My son just started Kindergarten. He's very excited about the prospect of going to school to learn, get knowledge, and become a marketing powerhouse on the playground.
He's there two lousy weeks and his backpack is already being bombarded with fund-raising materials he can't even read yet!
I'm no idiot. I know this stuff is targeted at me and my wife. And mind you, I have no objections to fund raising in general, or selling in particular. Economies depend on somebody buying something from somebody else. What I do object to is the product choices, the prices, the goals for reward and the lack of suitable sales training.
Let's examine each of these points.
(1) Product Choices: the word "suck" comes to mind in this context. Ugly wrapping paper, seeds for plants that have no chance for survival in this part of the country, childrens books that look like recycled free leaflets at the health center.
(2) Price: With terrible product, even the cutest child will meet with rejection and door slams, which I think is fabulous lesson to teach a 5-year-old - NOT. Add to that the laughable markup charged for the products being peddled, and we have a recipe for esteem-crushing disaster.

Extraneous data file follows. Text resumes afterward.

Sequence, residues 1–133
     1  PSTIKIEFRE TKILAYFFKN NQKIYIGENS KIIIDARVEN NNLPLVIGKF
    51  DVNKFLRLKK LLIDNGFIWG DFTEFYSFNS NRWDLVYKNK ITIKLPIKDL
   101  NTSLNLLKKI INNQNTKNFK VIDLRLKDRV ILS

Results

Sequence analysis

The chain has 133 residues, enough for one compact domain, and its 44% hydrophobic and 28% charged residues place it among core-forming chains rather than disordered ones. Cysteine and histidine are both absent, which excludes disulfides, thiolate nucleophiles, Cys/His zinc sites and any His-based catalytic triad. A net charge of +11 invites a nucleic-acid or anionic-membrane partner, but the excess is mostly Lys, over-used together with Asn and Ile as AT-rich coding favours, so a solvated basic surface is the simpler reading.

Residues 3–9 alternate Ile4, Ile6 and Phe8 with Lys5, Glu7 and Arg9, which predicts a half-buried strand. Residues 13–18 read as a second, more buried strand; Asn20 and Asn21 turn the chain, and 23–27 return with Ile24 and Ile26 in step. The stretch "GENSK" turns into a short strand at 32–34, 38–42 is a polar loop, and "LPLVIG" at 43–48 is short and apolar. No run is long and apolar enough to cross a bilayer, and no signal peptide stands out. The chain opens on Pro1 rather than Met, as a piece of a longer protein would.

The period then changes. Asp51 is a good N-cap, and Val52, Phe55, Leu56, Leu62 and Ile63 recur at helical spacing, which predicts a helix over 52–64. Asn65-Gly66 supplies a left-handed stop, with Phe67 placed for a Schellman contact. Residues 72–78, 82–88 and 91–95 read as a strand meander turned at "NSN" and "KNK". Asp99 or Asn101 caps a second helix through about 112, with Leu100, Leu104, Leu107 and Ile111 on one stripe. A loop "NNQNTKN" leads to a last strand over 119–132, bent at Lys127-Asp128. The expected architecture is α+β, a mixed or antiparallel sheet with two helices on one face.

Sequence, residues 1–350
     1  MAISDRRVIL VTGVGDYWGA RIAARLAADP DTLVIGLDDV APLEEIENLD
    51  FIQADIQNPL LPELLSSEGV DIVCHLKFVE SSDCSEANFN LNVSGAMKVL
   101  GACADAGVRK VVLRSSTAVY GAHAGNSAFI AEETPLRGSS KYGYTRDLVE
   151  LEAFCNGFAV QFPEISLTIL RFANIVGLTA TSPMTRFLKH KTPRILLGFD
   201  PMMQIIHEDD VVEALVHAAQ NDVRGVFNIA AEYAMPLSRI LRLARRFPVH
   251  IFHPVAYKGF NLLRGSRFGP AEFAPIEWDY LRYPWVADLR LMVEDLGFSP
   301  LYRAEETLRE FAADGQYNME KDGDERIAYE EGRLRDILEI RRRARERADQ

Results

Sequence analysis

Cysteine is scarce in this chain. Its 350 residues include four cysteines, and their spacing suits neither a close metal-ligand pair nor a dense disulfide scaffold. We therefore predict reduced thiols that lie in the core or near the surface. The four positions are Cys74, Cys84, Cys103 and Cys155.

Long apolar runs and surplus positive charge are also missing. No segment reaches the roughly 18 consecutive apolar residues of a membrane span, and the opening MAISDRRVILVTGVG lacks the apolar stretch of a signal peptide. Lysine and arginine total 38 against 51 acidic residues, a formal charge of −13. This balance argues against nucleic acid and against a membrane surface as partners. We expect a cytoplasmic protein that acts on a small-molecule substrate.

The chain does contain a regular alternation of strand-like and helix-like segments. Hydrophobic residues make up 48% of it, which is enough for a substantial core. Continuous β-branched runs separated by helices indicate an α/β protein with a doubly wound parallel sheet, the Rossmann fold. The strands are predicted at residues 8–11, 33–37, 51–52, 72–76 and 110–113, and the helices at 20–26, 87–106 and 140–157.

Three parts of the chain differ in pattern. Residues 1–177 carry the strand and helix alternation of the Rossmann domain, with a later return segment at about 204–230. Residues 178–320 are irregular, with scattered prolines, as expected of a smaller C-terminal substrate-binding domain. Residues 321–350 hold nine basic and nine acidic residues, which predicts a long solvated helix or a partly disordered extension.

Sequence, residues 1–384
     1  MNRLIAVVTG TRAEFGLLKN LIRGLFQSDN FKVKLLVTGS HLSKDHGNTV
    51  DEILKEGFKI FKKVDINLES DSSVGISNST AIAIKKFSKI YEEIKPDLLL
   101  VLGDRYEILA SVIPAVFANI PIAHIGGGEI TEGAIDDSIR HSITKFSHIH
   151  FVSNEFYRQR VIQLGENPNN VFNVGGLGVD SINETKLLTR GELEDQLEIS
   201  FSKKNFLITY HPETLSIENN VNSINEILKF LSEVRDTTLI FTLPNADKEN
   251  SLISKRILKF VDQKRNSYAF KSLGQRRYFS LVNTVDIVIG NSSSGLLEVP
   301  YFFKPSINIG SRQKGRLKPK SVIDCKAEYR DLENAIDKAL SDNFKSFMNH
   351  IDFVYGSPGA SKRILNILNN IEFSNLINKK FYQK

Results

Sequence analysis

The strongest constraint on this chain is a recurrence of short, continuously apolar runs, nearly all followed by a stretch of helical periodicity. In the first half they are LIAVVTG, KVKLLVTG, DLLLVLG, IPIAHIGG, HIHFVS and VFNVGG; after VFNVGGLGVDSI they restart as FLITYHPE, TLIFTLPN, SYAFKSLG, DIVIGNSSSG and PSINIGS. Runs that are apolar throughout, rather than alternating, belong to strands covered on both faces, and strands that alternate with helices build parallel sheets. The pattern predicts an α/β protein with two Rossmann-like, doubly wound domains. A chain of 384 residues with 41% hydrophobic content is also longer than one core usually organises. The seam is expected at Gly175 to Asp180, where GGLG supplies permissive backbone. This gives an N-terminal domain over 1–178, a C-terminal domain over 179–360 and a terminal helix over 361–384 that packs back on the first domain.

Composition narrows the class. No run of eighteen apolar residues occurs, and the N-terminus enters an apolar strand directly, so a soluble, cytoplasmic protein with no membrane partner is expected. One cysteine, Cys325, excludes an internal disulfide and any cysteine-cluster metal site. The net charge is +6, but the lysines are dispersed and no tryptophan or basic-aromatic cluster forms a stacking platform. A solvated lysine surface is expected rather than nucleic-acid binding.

(3) Goals: Sell 3000 of item-X (usually the highest-priced and lowest perceived value item) and we'll send you to Disney World! Of course if you do the math, you'll find that you just made $5,000 for the charity, $50,000 for the company providing the materiel, and they're giving you a prize valued at more than the charity makes! Anybody else see a problem with this formula?
4) Lack of Sales Training: With bad product, high prices, and ridiculous goals that can only be met my rich mommy and daddy buying the stuff, kids are set up from the start for disappointment and heartbreak, And anybody who says knocking on doors of total strangers pitching junk is "fun and exciting" will get an earful from me! The schools don't teach kids "how" to sell this junk, they just expect them to "know" how.
I hope that's not the approach they take with reading or math.